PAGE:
Travelling in Europe post Brexit. Passports and EHIC cards
07 January 2021

Travelling in Europe post Brexit. What’s changed?

We understand that your travel plans may be on hold due to the current Covid lockdown restrictions, but it’s best to be prepared for when you plan your next overseas trip.

Following the Brexit talks and transition period, the United Kingdom now has a new trade deal in place with the EU.  As well as trade in goods, this has implications if you’re travelling or driving in the EU and other parts of Europe. Our invaluable tips will help to ensure that you’re suitably covered on your travels, so you can concentrate on enjoying your trip in the European Union and mainland Europe.

The implications of Brexit on travelling to the EU

You may need to do extra things before you travel to the EU, Switzerland, Norway, Iceland or Liechtenstein, such as:

  • check your passport
  • get travel insurance that covers your healthcare
  • check you have the right driving documents

Passports: Check your renewal date

You may need to renew your British passport earlier than expected. You should renew your passport if, on the day you travel, your passport either has less than 6 months left or is more than 10 years old.

These rules do not apply to travel to Ireland. You can continue to use your passport as long as it’s valid for the length of your stay.

You do not need visas for short trips.

If you’re a tourist, you do not need a visa for short trips to most EU countries, Iceland, Liechtenstein, Norway and Switzerland. You’ll be able to stay for up to 90 days in any 180-day period. You may need a visa or permit to stay for longer, to work or study, or for business travel.

You can check each country’s travel advice page for information on how to get a visa or permit on the Government’s webpage “Foreign travel advice”.  

Healthcare: Check you’re covered

Your existing European Health Insurance Card (EHIC) or Global Health Insurance Card (GHIC) will be valid if you’re travelling to an EU country.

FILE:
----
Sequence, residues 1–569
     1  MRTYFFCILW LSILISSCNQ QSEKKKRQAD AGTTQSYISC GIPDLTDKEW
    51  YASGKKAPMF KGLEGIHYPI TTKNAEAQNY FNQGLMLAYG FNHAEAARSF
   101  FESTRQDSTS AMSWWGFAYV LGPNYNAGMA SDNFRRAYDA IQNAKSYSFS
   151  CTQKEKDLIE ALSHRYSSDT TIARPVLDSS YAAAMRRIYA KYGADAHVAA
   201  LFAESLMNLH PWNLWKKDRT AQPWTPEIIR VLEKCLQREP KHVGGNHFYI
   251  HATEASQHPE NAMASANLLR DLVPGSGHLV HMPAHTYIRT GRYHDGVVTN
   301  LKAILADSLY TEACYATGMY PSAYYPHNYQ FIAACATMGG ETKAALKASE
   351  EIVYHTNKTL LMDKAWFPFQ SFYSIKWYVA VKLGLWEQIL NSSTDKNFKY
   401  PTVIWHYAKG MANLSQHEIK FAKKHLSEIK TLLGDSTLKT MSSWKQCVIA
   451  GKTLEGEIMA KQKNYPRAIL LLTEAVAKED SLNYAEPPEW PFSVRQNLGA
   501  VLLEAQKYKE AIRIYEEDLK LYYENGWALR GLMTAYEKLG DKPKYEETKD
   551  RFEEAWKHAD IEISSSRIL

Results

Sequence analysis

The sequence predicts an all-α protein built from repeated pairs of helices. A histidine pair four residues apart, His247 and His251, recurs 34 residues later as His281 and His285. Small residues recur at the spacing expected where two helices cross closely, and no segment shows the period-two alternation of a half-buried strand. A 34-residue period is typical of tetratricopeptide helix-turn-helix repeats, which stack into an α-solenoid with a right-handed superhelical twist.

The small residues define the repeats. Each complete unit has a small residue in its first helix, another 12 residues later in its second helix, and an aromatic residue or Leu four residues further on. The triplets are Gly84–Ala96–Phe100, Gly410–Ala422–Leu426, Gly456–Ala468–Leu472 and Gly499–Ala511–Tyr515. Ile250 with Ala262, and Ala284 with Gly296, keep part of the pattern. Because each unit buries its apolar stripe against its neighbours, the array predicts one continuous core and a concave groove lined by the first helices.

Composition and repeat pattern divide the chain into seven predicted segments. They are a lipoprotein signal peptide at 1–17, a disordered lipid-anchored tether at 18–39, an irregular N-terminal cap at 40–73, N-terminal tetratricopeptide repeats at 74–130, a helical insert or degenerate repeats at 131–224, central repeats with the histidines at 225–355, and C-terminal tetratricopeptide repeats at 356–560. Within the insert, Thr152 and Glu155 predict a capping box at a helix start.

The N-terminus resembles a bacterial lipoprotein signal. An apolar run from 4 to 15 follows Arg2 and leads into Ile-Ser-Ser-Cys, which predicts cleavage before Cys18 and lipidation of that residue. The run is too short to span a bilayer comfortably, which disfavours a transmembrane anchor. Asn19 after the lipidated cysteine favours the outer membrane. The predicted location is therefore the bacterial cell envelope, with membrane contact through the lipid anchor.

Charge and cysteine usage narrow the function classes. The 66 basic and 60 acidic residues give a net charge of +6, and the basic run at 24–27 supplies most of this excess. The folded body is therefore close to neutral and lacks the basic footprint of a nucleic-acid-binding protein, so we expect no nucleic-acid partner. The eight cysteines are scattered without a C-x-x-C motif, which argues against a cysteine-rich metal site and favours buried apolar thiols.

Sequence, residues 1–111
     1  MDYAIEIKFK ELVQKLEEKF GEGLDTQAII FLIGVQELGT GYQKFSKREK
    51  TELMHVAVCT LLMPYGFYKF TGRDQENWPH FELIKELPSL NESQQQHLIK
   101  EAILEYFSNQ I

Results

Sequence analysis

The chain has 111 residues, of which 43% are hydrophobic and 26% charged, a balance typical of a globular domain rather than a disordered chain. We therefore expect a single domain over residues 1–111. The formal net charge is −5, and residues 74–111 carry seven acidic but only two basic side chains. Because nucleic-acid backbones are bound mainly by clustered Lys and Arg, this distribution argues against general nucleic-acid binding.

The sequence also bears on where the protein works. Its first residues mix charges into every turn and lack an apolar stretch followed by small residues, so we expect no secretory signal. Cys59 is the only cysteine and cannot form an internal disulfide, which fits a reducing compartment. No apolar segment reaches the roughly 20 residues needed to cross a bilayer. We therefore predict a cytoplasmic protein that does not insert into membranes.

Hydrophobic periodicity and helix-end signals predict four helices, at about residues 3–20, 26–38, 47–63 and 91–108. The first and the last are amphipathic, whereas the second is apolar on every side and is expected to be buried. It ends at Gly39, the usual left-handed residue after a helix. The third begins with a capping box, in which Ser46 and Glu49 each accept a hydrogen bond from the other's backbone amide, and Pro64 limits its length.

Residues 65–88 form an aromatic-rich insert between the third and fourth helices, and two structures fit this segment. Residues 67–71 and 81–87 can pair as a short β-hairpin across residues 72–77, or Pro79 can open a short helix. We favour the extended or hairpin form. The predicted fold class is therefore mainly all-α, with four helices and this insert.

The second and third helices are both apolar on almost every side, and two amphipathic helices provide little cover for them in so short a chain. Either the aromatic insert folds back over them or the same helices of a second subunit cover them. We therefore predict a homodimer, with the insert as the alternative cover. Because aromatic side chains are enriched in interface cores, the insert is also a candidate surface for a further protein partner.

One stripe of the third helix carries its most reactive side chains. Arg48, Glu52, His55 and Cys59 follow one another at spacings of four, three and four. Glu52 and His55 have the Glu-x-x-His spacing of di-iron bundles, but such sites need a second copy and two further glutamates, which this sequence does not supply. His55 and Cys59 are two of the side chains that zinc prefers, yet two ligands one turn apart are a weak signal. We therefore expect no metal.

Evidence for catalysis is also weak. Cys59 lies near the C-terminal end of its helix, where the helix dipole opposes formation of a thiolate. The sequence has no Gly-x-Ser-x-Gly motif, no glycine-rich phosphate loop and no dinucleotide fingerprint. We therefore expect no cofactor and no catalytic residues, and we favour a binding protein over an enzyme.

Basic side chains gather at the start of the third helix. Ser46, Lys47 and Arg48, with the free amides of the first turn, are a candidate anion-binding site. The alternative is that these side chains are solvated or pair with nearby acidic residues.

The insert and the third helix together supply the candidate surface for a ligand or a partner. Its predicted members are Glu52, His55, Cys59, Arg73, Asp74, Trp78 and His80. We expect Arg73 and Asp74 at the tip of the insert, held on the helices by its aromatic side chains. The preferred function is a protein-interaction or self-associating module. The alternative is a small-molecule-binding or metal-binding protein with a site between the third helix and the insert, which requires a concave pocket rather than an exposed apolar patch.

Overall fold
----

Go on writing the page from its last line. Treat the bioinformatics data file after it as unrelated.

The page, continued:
However after 1 January 2021 new UK-issued EHICs will only be available to UK students studying in the EU, some British State Pensioners who live in the EU and their families and EU nationals in the UK. The UK Government will soon be replacing the EHIC with a new UK Global Health Insurance Card (GHIC). You don’t need to apply for a GHIC if you already have an EHIC. Once your EHIC has expired, you’ll be able to replace it with a GHIC.

Beware of unofficial websites, which may charge if you apply through them. An EHIC or GHIC is free of charge.

Green cards and GB stickers for motorists 

If you are taking your vehicle outside of the UK you will need to obtain a Green card if the UK is no longer part of the free circulation area.  A green card proves you have the necessary motor insurance that you need to drive abroad.  

Your motor insurance provider will provide you with a green card, if you ask for one but do make sure you allow enough time for this.  The Association of British Insurers (ABI) recommends you contact your provider about a month before you travel to request one.  Check your motor insurance policy carefully as you may find that in certain accident situations your UK insurance may not be valid.

More information can be found in our post: "Be Prepared for Driving in Europe after Brexit"

Entering EU countries

Be prepared at border control, you may need to:

  • show a return or onward ticket
  • show you have enough money for your stay
  • use separate lanes from EU, EEA and Swiss citizens when queueing

COVID-19 travel guidance

International travel is increasingly restricted. In the UK, different rules apply in England, Scotland, Wales and Northern Ireland. Please refer to the current advice on travel restrictions during the covid-19 pandemic and lockdown rules on the government’s webpage: “Travel advice: coronavirus (COVID-19)

General travel insurance advice

Taking out suitable travel insurance is still as relevant regardless of EU membership or trade deals.

A good insurance policy will cover your organisation for cancelling or cutting a trip short under certain circumstances outside of your control, so it is best to have it in place from the outset. Therefore ensure that you organise your insurance before arranging or paying for anything else.  

Always check the conditions and exclusions of your group’s travel insurance policy.  Make sure that all the activities that your group are undertaking are included and detail these to your broker to ensure the most appropriate cover is in place. 

Pre-existing health problems can limit cover on many travel policies so also make sure that you are aware of individuals requirements and that these are detailed specifically where necessary. 

Finally, check that your organisation’s equipment is covered as well as your group’s personal belongings.

Further information

You can find more information on the following websites and webpages: 

The UK Government’s website:

 

Our other blog posts: